Bulgarian Finance Minister Simeon Djankov, who’s been praised by the European Union for reining in spending, was fired after thousands of people marched in protest at austerity four months before general elections.
Prime Minister Boyko Borissov, who faces re-election July 7, wants the remit of Tomislav Donchev, the minister in charge of EU funds management, widened to include the Finance Ministry, the government said today in an e-mailed statement from the capital, Sofia. Regional Development and Public Works Minister Liliana Pavlova will assume Djankov’s duties as a deputy premier, it said.
Bulgarians demonstrated yesterday in dozens of cities, blocking main roads to demand higher wages and lower energy bills. Four people were arrested after clashes in Sofia, while protesters threw stones and broke windows at the office of Czech utility Energo-Pro in the Black Sea city of Varna, police said.
Djankov, who’d been finance minister since 2009, won EU and International Monetary Fund plaudits for his tight spending policy as Bulgaria navigated the global economic crisis without borrowing abroad. The economy of the EU’s poorest country by per-capita output expanded 0.5 percent from a year earlier in the three months through December, the 10th quarter of growth.
The yield on Bulgaria’s euro-denominated government bond due 2017 rose 12 basis points to 2.116 percent at 5:01 p.m. in Sofia, according to data compiled by Bloomberg.
Djankov’s exit is “a bad signal to international markets” as the minister was seen as “a guarantor of financial stability,” George Prohaski, head of the Center for Economic Development in Sofia, said today by phone. “It would be unwise for reasonable spending policy to be overtaken by excessive spending in the few months before the election to sooth various forms of social unrest.”
In addition to the anti-austerity rallies, far-right activists burned an EU flag in Sofia and farmers awaiting overdue subsidy payments threatened a nationwide protest.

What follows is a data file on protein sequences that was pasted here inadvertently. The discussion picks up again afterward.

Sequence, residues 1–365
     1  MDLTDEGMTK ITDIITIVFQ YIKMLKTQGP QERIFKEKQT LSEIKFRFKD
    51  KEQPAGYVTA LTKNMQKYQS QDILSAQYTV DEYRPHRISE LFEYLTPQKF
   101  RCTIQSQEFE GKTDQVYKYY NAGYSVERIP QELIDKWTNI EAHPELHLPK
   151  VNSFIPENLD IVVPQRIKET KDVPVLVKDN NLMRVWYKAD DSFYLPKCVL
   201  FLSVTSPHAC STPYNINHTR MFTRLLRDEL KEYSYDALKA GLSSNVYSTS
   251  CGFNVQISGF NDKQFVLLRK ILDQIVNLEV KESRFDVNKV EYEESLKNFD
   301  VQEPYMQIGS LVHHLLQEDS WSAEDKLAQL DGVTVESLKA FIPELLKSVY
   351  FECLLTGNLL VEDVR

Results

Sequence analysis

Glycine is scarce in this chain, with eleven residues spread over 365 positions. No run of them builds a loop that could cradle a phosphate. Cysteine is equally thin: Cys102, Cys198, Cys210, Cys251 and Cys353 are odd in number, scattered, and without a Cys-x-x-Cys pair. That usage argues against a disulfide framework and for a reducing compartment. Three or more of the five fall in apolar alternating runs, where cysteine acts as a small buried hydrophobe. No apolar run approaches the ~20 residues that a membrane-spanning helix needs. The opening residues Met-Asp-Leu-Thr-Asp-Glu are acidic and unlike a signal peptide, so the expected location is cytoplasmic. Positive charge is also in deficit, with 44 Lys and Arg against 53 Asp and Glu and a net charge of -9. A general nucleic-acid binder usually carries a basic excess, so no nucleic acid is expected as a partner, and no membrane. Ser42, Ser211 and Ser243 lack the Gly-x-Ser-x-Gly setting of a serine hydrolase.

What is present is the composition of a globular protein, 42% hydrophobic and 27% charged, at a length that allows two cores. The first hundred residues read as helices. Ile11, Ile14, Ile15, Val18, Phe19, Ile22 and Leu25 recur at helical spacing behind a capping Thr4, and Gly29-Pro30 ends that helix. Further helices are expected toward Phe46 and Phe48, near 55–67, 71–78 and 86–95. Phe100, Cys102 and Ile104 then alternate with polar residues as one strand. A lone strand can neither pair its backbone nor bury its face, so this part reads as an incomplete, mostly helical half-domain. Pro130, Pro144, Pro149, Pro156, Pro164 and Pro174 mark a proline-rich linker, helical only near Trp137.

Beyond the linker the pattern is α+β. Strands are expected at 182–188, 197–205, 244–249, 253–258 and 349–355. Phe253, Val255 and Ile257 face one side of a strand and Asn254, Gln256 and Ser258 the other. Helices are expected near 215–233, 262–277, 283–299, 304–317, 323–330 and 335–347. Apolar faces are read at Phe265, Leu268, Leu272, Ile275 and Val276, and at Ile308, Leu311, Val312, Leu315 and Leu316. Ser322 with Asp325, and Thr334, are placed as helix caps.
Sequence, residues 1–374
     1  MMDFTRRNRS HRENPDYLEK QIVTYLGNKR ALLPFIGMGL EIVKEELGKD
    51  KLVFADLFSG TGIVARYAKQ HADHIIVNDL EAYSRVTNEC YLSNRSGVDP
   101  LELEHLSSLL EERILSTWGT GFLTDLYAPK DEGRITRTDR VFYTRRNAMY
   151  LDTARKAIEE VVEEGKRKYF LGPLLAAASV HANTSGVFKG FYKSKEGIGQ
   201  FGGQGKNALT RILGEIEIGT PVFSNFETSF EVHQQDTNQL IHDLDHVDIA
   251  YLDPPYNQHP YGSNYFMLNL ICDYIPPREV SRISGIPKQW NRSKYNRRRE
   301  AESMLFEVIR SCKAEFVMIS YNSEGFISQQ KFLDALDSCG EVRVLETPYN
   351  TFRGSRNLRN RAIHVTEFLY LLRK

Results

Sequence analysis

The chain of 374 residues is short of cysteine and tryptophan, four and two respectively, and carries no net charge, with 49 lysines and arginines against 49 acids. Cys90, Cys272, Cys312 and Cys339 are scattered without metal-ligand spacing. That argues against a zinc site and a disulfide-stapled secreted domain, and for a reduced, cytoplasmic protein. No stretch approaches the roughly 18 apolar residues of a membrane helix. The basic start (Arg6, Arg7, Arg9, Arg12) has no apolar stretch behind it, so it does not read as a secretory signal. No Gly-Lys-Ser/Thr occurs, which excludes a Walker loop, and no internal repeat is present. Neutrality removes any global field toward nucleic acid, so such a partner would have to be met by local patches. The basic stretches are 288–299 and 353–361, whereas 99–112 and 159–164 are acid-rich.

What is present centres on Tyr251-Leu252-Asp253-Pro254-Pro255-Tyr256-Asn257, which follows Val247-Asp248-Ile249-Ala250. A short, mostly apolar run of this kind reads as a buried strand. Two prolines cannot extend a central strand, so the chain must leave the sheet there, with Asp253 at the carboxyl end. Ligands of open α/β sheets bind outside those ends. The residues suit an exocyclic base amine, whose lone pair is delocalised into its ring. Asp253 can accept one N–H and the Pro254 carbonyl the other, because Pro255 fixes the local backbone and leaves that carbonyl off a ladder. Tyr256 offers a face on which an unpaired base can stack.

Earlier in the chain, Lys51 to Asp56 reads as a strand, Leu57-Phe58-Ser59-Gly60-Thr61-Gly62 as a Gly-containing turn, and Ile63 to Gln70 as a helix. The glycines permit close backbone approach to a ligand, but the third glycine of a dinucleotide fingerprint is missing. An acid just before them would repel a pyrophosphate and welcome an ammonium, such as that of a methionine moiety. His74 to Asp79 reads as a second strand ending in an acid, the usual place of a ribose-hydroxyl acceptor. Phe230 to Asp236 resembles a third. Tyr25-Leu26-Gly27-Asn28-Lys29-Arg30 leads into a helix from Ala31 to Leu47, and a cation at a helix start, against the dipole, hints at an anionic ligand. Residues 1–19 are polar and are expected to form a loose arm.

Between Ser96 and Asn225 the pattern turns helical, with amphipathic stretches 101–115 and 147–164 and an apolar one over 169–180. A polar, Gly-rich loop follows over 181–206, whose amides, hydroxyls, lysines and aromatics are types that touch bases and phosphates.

The government transferred 840 million lev ($573 million) from the fiscal reserve on Feb. 15 for farm subsidies that the EU will reimburse within 45 days, the Agriculture Ministry in Sofia said today. The Finance Ministry had delayed the payments from Jan. 31 because of a lack of funds after Bulgaria repaid 835 million euros of bonds that matured Jan. 15.
“This resignation was long overdue,” Konstantin Trenchev, leader of the Podkrepa trade union, said in an interview with National Bulgarian Radio today. “His austerity policies led many small companies into bankruptcy, raising unemployment and causing widespread poverty.”
Djankov, 43, who worked previously at the World Bank in Washington, instigated a cap on future budget deficits that lawmakers approved last month. The gap, which the government plans to keep at 1.3 percent of gross domestic product in 2013, will be limited to 2 percent to ensure fiscal prudence. GDP will grow 1.2 percent this year, according to official estimates.
“I thank Prime Minister Borissov and my Cabinet colleagues for the long hours of joint work and successes we achieved,” Djankov said today in an e-mailed statement. “I also thank the Finance Ministry experts, with whose help Bulgaria recovered its financial health. I’ll continue helping in any way I can in the future.”
Donchev, 40, joined Borissov’s Cabinet in 2010 after serving as mayor of the city of Gabrovo in central Bulgaria since 2007.
“I don’t expect a policy shift as Mr. Donchev subscribes to EU values and would continue spending cautiously,” Kaloyan Staikov, an economist at the Institute for Market Economics in Sofia, said today by phone. “I hope the government resolves spending demands through dialogue, rather than by caving in to street pressure.”